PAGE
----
CalSTRS Responds to Stanford Institute for Economic Policy Research Report on California’s Pensions

News release Ricardo Duran

WEST SACRAMENTO, CA – The California State Teachers’ Retirement System (CalSTRS) responded today to a report issued by the Institute for Economic Policy Research at Stanford University.

The study’s findings are based on improbable scenarios and unrealistic assumptions and miss the mark.

  • The study ties a risk-free discount rate approach to the funding of the plan that creates absurdly improbable scenarios. For example, the general economic conditions that would generate only 4.5% as the average long-term return of a portfolio, as the study uses, would present far greater troubles than the funding of a pension plan.
  • Although the report acknowledges that 30-year investment horizons are an acceptable and accurately used forecasting method, it still bases its conclusion on the investment experience of a much shorter period of time. The report’s “For and Against” on page 12 do not provide any meaningful basis to conclude that a risk-free rate should be used.
  • Far more accurate and useful return assumptions can and should be used to gauge potential liabilities, as opposed to a risk-free rate of return at 4.5% which creates a significant generational inequity by artificially inflating the costs incurred now.
  • Finally, the use of the Dow Jones Industrial Average as a reflection of pension funds equity returns is not analytically sound. For one, no professional investment entity would invest its equities in such a concentrated portfolio. Second, it ignores the fact that large pension funds, such as CalSTRS, invest a sizable percentage of their portfolio in real estate and private equity, which historically have higher returns than the Dow Jones.

These findings will unnecessarily detract from meaningful discussion of real issues surrounding public pension funds, like a funding plan for CalSTRS projected funding shortfall.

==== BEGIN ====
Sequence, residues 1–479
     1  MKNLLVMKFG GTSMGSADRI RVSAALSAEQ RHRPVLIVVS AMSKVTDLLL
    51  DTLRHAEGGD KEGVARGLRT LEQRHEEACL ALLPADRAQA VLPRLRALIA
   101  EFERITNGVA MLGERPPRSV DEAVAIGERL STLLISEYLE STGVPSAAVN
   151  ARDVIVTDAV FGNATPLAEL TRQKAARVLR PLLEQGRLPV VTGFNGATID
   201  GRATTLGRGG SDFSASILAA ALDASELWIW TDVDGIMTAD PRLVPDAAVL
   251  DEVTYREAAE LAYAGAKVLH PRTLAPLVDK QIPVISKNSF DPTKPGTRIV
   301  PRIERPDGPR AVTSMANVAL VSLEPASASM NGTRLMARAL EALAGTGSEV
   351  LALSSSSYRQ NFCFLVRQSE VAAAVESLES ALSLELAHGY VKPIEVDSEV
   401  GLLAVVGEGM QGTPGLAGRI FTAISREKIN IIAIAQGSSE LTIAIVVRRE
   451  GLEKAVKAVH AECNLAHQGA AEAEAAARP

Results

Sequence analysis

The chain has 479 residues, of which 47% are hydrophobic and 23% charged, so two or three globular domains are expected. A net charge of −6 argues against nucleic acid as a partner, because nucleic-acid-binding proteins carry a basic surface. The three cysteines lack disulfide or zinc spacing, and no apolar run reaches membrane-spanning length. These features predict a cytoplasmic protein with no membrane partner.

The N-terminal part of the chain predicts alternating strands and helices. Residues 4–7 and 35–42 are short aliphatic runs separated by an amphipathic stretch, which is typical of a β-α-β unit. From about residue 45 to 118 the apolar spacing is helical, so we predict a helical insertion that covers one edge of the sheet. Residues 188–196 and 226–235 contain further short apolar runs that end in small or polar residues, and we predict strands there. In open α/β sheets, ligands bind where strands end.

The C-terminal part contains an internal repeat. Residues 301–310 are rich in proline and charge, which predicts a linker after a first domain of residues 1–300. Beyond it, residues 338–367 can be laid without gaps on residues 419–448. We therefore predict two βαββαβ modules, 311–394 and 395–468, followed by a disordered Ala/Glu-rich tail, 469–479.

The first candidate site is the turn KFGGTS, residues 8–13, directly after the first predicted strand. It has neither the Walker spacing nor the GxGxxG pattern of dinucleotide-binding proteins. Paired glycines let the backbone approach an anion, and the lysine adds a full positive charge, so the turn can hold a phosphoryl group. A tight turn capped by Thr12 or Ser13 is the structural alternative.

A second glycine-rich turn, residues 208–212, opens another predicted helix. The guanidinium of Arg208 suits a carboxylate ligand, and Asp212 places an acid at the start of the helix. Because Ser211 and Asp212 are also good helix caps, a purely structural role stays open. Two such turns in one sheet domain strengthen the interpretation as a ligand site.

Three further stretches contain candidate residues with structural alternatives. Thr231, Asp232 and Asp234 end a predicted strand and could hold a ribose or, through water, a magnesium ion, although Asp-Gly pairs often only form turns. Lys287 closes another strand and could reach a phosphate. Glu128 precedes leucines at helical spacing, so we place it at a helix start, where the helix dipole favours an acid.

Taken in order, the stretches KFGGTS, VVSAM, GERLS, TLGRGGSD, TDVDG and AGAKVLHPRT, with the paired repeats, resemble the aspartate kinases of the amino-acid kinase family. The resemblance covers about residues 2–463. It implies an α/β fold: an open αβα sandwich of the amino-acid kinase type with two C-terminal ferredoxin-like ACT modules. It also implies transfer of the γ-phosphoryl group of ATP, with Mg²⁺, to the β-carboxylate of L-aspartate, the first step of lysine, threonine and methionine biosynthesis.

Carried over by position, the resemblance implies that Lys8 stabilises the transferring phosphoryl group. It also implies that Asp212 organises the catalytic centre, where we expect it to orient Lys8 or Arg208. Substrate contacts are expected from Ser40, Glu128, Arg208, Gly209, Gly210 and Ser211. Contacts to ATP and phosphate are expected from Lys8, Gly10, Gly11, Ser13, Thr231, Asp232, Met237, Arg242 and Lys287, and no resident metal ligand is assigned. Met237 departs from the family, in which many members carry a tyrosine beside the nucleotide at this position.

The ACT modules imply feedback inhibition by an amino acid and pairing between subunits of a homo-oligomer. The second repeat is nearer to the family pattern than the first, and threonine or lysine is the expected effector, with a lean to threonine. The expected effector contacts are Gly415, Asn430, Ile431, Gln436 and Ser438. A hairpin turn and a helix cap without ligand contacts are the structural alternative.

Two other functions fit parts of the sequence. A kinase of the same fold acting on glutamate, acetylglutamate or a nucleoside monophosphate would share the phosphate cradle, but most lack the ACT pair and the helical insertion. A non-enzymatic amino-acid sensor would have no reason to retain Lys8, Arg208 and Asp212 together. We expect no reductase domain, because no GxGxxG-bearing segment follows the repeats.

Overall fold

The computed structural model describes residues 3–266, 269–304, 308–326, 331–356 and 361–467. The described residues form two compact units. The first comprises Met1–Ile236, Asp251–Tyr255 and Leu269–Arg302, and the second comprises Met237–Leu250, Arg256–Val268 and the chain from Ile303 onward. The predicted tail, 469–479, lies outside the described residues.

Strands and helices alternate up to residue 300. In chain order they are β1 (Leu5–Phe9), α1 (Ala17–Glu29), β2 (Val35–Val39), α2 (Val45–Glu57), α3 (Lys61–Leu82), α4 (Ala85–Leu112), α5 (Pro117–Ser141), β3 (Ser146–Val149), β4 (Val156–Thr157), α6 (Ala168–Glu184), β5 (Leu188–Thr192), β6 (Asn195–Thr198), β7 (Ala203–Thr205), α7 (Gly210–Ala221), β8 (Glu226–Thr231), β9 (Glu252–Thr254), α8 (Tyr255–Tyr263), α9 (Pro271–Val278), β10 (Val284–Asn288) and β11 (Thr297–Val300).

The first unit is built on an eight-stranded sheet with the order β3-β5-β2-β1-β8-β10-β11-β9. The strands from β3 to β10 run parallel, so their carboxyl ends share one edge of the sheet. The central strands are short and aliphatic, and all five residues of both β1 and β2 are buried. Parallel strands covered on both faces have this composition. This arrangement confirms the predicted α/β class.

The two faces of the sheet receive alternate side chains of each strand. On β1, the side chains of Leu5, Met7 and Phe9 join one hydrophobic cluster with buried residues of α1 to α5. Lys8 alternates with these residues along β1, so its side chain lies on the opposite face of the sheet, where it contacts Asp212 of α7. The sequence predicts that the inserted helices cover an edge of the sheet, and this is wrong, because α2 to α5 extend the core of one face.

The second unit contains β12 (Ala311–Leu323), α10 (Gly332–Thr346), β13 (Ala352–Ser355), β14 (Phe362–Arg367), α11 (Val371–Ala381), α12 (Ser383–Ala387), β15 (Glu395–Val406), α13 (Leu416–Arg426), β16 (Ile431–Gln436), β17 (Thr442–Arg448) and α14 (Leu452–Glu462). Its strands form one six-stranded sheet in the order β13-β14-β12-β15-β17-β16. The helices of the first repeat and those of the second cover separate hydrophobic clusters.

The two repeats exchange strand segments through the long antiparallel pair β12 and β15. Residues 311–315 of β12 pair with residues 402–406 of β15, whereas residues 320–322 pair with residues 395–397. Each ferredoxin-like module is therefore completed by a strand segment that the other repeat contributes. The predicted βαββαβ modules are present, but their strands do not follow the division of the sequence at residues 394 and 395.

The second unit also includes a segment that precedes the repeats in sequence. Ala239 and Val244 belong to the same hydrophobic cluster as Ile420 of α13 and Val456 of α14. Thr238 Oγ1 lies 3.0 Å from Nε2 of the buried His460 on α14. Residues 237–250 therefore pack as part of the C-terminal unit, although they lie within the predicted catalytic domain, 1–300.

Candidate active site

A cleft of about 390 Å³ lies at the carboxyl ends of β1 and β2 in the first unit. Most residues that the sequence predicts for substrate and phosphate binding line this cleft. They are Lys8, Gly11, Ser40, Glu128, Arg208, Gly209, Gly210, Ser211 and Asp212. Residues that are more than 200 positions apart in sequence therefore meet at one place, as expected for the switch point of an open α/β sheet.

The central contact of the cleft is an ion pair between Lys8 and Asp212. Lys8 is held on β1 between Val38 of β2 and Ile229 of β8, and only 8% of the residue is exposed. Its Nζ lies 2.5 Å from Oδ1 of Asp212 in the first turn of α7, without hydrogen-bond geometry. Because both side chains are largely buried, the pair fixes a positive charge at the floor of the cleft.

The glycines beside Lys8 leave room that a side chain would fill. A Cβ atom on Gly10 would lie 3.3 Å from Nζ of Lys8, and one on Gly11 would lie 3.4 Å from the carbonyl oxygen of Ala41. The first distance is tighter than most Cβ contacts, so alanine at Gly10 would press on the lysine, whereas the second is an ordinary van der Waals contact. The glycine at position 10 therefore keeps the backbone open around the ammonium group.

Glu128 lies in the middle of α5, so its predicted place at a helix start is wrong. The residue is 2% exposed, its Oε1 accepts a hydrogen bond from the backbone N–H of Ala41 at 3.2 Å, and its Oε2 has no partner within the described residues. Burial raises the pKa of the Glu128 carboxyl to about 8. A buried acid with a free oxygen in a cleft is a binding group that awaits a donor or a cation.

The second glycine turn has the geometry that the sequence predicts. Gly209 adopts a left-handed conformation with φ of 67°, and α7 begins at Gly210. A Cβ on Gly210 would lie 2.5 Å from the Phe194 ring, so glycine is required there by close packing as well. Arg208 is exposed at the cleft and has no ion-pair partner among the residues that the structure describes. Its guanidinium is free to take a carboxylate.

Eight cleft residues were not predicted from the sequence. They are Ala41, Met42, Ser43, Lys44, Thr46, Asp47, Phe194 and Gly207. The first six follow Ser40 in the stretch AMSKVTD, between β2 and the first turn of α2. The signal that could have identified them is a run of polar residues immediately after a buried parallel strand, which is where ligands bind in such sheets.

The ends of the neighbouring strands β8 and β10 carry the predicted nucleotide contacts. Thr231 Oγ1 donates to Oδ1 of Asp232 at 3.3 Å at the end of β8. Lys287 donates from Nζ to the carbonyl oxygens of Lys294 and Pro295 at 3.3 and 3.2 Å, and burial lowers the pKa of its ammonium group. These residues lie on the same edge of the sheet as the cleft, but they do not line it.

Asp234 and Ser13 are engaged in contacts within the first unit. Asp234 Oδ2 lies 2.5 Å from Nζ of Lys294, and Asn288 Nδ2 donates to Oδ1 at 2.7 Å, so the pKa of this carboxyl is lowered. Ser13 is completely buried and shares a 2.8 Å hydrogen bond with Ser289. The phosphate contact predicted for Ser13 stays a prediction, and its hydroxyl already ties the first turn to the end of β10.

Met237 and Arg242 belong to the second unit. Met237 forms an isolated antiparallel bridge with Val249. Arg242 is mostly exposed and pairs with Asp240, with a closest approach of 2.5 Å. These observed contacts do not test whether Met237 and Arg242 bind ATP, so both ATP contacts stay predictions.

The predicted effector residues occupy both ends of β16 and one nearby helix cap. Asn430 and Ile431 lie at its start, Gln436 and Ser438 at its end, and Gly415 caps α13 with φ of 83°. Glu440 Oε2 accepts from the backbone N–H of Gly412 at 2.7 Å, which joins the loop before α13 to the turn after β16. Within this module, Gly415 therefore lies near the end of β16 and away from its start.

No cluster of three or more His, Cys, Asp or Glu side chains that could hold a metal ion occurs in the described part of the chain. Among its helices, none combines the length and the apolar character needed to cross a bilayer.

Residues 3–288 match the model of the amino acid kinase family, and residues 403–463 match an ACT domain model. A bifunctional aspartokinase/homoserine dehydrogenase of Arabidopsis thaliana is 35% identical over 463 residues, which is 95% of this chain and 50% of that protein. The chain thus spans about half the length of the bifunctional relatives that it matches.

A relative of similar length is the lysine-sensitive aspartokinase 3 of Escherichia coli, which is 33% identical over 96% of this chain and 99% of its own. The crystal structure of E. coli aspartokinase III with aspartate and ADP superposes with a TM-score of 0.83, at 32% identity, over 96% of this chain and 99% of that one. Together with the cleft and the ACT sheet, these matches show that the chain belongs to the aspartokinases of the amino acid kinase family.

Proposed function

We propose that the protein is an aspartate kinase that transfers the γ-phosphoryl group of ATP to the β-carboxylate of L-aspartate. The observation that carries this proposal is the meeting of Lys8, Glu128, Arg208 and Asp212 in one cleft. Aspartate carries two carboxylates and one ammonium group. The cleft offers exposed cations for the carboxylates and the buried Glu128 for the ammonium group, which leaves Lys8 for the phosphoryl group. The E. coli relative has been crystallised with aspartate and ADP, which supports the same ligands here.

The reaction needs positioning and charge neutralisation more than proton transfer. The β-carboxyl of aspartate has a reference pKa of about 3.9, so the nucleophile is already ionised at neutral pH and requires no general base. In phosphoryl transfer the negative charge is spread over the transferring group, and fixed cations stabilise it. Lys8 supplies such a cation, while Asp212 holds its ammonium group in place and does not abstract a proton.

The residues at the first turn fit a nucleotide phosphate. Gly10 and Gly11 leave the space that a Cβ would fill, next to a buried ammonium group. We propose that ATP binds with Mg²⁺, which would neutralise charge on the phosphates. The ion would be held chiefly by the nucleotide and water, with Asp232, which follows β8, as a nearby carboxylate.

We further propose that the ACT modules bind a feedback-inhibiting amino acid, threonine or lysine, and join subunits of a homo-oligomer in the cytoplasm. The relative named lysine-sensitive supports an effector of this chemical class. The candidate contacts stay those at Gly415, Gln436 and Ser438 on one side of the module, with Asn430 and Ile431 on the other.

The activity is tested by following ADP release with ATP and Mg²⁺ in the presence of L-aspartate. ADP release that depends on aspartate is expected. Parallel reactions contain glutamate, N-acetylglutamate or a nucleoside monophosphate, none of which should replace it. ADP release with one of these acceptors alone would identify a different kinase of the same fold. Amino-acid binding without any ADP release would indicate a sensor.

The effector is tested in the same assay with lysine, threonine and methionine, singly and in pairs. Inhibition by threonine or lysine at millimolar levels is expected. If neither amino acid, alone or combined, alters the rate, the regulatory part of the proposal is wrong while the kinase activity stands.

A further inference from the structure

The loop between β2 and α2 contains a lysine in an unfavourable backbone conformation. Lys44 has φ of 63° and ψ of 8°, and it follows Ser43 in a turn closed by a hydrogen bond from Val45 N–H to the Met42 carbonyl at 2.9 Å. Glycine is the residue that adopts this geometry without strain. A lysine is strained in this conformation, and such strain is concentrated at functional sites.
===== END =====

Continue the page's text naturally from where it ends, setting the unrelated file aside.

• CalSTRS has been working for some time to raise awareness of the current projected $56 billion funding shortfall, the cost of waiting to address it and the ultimate risk failing to do so presents to the state’s General Fund.
  • It’s important to understand that the risk of facing depleted assets exists approximately 30 years from now versus actually facing insolvency today. Absent any changes in contribution rates or liabilities, current calculations show the fund will deplete its assets by the early 2040s.
  • What is needed now to fund the existing and future benefits plan is an increase in contribution rates, which can be gradual and predictable over time, and fair to all parties. This methodology equally spreads share of costs and does not unnecessarily burden any one generation or overly inflate what is needed.
  • CalSTRS supports a consistency in the measure of total pension liability reporting and agrees with the need for transparency in the accountability of unfunded pension liabilities.
  • CalSTRS $56 billion funding shortfall can be managed, but it will require increased contributions, which can be gradual and predictable, and fair to all. The Legislature and Governor however, must tackle the challenge of crafting a specific funding strategy since only they have the authority to do so and it’s the state’s General Fund at risk without one.

The CalSTRS difference

  • Fair, hard-earned CalSTRS benefits reward decades of classroom service.
  • Unlike most other public pension systems, CalSTRS is unique in that it already administers a comprehensive, hybrid system that includes a defined benefit plan (base retirement benefit), a cash balance plan and a defined contribution plan.
  • The average CalSTRS member retiring in 2010-11:
    • Retired at age 62
    • Performed over 25 years of service
    • Earned a pension that replaces about 55 percent of salary,
    • Receives no Social Security benefits for their CalSTRS covered employment
  • Employer contributions (8.25%) have not changed since 1990 and employees’ (8%) since 1972.
  • Contributions by the State of California to the Defined Benefit Program actually declined from 4.607 percent in 1998 to the current level of 2.541 percent.

The California State Teachers’ Retirement System, with a portfolio valued at $148.2 billion as of October 31, 2011, is the largest teacher pension fund and second largest public pension fund in the United States. CalSTRS administers a hybrid retirement system, consisting of a traditional defined benefit, cash balance and defined contribution plan, as well as disability and survivor benefits. CalSTRS serves California’s 852,000 public school educators and their families from the state’s 1,600 school districts, county offices of education and community college districts.